Japanese NPO Starts Residential Solar Co-Ownership Project Copyright Ueda Citizen Energy Ueda Citizen Energy, a non-profit organization (NPO) in Ueda City, Nagano Prefecture, Japan, started in November 2011 a unique project called Ainorikun (Japanese word meaning "car pool") for private investors to jointly install solar panels on sunny rooftop space. The NPO solicits "roof owners" to install their own panels while lending the rooftop space of their houses for "panel owners" who install the solar panels for their houses. Both parties reap benefits: the panel owner receives income from selling electricity generated by the solar panels for 10 years after installation to cover the installation costs and then some, while the roof owner acquires ownership of the panel owners' panels 12 year after installation. Income from selling electricity generated by panel owners' panels for two years before the ownership changes will cover part of operation costs of the NPO. Panel owners can also purchase part of the ownership of a system by purchasing shares at 100,000 yen (about U.S.$1,300) a unit, and at 50,000 yen for additional ownership. Ueda City is suitable for photovoltaic generation since it is one of sunniest areas in Japan. However, some residents there want to start solar generation but face barriers to doing so, such as poor access to direct sunlight, installation costs, and installation space. For them, the project connects those who want to increase solar power generation with those who want to lend their rooftop all over the country. Mayumi Fujikawa, the head of the NPO, hopes the project will help promote use of natural energy. Source: JFS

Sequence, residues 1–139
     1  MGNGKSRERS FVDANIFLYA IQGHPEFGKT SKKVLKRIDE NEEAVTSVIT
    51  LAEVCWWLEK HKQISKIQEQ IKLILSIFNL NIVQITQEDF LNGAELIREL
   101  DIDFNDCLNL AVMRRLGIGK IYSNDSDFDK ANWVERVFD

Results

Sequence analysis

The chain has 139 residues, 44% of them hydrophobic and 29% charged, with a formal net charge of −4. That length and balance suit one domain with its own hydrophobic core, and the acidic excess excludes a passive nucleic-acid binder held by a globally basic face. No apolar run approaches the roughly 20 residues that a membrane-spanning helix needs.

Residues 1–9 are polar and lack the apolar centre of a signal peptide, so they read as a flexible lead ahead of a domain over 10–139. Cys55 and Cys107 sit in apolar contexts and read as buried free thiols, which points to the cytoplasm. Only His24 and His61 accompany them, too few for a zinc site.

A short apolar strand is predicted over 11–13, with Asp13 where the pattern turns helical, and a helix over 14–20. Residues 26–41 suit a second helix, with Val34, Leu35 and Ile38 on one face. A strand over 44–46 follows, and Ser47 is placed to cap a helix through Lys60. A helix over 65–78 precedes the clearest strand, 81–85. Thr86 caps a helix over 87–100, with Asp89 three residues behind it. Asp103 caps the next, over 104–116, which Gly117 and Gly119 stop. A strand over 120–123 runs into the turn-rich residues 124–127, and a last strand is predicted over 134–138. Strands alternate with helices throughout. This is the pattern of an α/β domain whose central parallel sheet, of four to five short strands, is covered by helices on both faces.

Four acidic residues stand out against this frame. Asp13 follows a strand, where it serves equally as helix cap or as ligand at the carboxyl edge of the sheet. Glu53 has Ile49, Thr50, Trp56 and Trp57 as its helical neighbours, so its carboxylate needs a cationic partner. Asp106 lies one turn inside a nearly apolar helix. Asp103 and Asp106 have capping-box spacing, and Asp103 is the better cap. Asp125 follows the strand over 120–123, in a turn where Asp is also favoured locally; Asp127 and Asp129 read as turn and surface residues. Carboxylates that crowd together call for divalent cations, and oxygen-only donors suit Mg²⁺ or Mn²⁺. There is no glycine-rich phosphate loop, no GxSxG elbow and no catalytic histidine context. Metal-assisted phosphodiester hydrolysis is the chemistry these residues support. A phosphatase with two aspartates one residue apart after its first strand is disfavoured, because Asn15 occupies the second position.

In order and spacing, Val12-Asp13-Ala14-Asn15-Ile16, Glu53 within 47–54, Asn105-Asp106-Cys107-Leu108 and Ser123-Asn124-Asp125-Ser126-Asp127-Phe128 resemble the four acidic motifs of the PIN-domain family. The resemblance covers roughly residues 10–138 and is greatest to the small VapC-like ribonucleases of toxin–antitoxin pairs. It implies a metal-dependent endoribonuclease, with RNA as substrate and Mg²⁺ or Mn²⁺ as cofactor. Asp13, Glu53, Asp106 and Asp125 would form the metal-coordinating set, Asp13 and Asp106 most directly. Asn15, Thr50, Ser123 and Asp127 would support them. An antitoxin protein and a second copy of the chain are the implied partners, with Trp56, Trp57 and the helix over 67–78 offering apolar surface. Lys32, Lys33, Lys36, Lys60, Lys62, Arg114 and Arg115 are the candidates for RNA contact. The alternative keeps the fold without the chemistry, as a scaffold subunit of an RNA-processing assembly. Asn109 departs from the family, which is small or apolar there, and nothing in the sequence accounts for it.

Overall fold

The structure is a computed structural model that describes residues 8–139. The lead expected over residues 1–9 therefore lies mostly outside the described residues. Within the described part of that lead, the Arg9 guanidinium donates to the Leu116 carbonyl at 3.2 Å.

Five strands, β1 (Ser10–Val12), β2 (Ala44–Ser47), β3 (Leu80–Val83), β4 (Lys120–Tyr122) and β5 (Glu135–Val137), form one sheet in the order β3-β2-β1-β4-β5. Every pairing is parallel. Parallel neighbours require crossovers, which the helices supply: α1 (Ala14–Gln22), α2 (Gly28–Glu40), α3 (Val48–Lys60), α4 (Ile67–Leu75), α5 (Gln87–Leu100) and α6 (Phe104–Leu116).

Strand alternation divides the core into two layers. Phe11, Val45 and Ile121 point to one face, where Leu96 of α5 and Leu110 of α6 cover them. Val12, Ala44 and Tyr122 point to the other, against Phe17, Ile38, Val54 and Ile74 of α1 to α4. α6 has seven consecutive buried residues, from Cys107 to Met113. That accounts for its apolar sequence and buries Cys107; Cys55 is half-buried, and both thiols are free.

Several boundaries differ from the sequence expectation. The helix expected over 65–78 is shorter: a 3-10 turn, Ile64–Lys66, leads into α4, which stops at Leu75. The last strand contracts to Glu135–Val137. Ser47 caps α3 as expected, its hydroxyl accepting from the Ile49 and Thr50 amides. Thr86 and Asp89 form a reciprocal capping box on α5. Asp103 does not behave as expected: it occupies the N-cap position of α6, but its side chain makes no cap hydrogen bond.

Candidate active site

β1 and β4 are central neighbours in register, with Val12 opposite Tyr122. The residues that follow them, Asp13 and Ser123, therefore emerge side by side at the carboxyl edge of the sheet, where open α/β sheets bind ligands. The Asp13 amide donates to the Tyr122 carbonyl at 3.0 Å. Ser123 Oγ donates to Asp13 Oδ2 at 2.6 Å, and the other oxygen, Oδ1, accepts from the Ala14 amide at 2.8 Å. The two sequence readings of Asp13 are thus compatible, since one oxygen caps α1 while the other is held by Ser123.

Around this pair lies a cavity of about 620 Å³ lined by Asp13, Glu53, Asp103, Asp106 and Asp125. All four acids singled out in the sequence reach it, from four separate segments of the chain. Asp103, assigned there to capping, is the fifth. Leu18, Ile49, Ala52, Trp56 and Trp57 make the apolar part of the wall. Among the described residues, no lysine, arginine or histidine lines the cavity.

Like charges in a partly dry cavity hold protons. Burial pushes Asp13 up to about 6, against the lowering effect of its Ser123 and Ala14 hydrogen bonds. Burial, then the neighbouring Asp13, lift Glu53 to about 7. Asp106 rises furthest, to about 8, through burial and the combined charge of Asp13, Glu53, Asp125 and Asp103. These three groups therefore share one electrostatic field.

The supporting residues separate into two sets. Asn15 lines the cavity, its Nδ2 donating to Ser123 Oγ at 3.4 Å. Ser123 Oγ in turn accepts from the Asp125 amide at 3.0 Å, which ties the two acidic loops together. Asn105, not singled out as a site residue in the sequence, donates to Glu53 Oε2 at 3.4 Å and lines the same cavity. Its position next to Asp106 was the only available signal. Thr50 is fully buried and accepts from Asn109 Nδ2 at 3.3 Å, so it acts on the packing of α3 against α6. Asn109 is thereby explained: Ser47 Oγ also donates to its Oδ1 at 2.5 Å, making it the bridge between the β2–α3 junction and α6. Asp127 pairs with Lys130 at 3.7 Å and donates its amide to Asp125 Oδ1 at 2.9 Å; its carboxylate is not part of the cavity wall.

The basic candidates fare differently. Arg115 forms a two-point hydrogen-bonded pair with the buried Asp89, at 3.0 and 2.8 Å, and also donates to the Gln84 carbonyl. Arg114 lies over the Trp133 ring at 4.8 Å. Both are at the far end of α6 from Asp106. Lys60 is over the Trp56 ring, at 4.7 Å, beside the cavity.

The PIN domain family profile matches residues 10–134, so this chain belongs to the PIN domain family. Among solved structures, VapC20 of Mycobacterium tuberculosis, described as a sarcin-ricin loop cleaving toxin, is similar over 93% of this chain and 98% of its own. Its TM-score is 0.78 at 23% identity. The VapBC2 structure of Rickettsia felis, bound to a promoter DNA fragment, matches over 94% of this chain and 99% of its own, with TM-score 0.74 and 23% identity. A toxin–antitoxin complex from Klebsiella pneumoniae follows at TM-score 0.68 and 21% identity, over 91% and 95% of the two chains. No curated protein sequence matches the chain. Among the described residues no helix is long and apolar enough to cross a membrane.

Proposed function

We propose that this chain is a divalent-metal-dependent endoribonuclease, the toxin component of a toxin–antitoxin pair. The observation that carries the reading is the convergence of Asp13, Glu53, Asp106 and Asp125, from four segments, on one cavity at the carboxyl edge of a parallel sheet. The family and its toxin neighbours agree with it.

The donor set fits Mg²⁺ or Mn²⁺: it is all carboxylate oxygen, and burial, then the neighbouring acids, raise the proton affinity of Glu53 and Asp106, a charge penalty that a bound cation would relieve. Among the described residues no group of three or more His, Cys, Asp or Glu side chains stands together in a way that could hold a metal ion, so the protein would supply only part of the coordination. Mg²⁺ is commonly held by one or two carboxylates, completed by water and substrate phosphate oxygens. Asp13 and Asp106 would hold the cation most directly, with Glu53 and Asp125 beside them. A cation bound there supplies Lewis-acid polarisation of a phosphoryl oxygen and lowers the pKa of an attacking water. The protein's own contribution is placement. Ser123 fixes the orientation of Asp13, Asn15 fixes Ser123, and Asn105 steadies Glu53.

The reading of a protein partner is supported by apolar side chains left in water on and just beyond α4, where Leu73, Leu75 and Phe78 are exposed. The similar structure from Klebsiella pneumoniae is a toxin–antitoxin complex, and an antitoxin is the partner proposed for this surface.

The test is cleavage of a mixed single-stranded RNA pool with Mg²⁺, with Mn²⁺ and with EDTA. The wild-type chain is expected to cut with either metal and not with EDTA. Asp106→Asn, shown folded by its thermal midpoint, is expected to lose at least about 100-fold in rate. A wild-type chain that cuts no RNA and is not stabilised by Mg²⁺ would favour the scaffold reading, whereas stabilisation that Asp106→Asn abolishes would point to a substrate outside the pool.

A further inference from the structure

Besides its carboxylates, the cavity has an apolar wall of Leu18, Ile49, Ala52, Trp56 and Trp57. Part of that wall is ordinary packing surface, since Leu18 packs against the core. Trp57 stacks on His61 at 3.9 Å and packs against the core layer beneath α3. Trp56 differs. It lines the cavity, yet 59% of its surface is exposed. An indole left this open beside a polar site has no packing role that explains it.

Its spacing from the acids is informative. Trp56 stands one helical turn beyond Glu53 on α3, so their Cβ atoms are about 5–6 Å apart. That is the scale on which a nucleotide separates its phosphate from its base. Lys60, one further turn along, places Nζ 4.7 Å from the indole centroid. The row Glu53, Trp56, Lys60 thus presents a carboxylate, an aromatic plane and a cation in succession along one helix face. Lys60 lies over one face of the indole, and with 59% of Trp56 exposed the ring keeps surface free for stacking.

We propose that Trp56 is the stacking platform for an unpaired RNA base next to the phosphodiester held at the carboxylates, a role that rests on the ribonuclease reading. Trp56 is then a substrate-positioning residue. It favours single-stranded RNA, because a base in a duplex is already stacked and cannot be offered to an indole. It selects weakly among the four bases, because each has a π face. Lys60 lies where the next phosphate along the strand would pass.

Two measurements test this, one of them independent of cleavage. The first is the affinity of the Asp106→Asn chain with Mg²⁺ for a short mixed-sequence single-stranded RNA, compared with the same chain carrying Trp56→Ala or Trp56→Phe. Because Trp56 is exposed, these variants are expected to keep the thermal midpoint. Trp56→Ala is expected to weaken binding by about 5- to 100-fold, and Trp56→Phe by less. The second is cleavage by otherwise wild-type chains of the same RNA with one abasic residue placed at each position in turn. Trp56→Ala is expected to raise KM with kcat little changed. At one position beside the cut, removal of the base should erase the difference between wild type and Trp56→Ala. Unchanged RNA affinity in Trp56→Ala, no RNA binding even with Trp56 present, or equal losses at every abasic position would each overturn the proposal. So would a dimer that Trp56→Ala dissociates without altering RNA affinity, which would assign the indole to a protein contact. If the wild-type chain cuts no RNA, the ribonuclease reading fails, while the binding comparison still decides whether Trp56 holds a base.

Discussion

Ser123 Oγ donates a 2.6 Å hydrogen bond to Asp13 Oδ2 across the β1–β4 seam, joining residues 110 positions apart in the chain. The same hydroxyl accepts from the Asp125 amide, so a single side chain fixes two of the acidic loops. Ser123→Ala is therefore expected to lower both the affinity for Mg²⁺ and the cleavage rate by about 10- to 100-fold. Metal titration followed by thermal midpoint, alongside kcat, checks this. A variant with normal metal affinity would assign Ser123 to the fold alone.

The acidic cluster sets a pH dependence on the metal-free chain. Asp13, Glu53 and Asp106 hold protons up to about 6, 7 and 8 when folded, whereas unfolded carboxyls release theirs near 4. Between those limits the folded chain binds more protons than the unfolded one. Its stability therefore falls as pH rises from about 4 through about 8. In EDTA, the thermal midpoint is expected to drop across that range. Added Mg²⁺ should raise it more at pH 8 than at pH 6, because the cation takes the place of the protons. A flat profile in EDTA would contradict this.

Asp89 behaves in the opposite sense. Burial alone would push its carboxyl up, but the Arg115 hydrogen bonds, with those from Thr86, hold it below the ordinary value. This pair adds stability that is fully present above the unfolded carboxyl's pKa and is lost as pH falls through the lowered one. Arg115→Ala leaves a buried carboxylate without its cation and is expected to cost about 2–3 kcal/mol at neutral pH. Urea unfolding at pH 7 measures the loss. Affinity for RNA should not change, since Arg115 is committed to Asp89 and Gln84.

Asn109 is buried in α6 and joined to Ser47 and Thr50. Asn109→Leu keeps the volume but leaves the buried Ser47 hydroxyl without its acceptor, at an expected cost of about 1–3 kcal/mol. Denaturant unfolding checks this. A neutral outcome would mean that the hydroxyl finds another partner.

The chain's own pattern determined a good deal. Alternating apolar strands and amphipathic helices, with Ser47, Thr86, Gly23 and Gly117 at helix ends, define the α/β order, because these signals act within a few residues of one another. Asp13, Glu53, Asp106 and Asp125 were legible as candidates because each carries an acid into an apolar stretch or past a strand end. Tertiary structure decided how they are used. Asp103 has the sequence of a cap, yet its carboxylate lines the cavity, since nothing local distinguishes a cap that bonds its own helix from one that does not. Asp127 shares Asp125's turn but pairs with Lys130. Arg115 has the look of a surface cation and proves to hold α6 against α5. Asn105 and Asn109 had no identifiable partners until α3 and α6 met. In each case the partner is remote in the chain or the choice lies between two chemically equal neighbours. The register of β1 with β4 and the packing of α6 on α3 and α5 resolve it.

MAMMUT MONITOR GUIDE PROGRAM There is only one way to go into Japan’s backcountry – safely, and with the right equipment and knowledge. Mammut’s Barryvox Element beacon was created to be easy to use and affordable for new backcountry enthusiasts without sacrificing functionality. Two veteran backcountry guides in Japan share their impressions after using the Barryvox Element beacon with their customers this season. Bill Ross Director & Guide, Dancing Snow (Myoko, Niigata) www.dancingsnow.com “I have used Mammut’s Pulse Barryvox for a while now, after using a variety of transceivers from the good old days of analogue devices. It’s just great—I used it during avalanche training, and literally found a target in a great big field in less than 30 seconds. Much easier and intuitive than in the past. The Pulse does take a little study to know all the functions, though, so I was really pleased to have the chance to try out the Element with our guests. Its simplicity doesn’t mean it is a dumbed-down version. Rather, in quick pre-tour briefings with guests I really felt that they understood the idea behind it, how it functions, and what to do if something did happen. Makes me feel safer, because I’m the first one to ski! And the reasonable price is also a real benefit for people who are already investing a lot in backcountry gear. A really nice, attractive package that I can completely recommend. About Myoko The area around Mt. Myoko has a wide range of backcountry terrain, ideal for everyone from experienced skiers and boarders to those leaving the groomed runs and “sidecountry” for the first time. It’s serious snow country, though, so a transceiver is a requirement, as is proper gear, good group dynamics and knowledge of terrain and the possibilities of avalanches. Dancing Snow Customer Feedback “The unit is very compact, and the straps keep it close to your body and out of the way. You’re not really aware that you have it on while you’re on the hill.” “It’s really easy to figure out which way to search. All you have to do is follow the arrows and watch the distance figures go down.” “I liked the way the display shows how many beacons are out there when you switch to search, and the way you can mark victims so the transceiver stops receiving from that person, and you can move on to the next.” “It was my first time to use a transceiver, and it was very easy to understand how to use it. The switches and dials are also simple and clearly marked. I liked the fact that it was hard to accidently turn it off!’ “I’ve used other transceivers that are not as natural to switch from transmit to receive, or harder to use in an actual search. Very fast and accurate.” Paul Vanderheiden Owner, Japow Tours (Hakkoda, Aomori) www.japowtours.com “The Mammut Element is a three- antenna transceiver, which make it much faster than other beacon searches on the market. I have been using different beacons for years and have tried many companies but Mammut has made great strides in the design and simplicity of their New Mammut Element. As a Guide I feel much safer knowing that the people in my group have a quality product and they are confident in using it even if its their first time with the Transceiver. Thank you Mammut for making such an amazing life saving device.” About Hakkoda Tohoku’s Mt. Hakkoda is a backcountry playground attracting advanced skiers and snowboarders. A beacon is standard equipment for exploring these serious mountains, as is a knowledgeable guide. Japow Tours Customers Feedback “The Mammut Element Barryvox transceiver is incredibly intuitive and even tells you to turn around if you are going the wrong direction with a simple U-Turn symbol” “The simple on and off switch locks into place making each function secure and one confidant that he or she is sending or receiving the proper signal.” “The harness and housing of the Mammut Element Barryvox is actually quite comfortable and allows for easy access the to transceiver itself” “As an avid backcountry snowboarder the “Mutual burials function” is essential when traveling with larger groups.” “When practicing with The Mammut Element Barryvox vs. my friends BCA Tracker the Element was picking up a signal and tracking at least 10 meters before the BCA Tracker. When doing a speed search in the practice field, the Element Barryvox won every time.” “The Mammut Element Barryvox 3 antenna system works faster and more fluid than other beacons I have had in the past, by far the best and easiest transceiver I have every used” Mammut Online http://www.mammut.ch/ (Global Site) http://mammutstore.jp/ (Japan Site)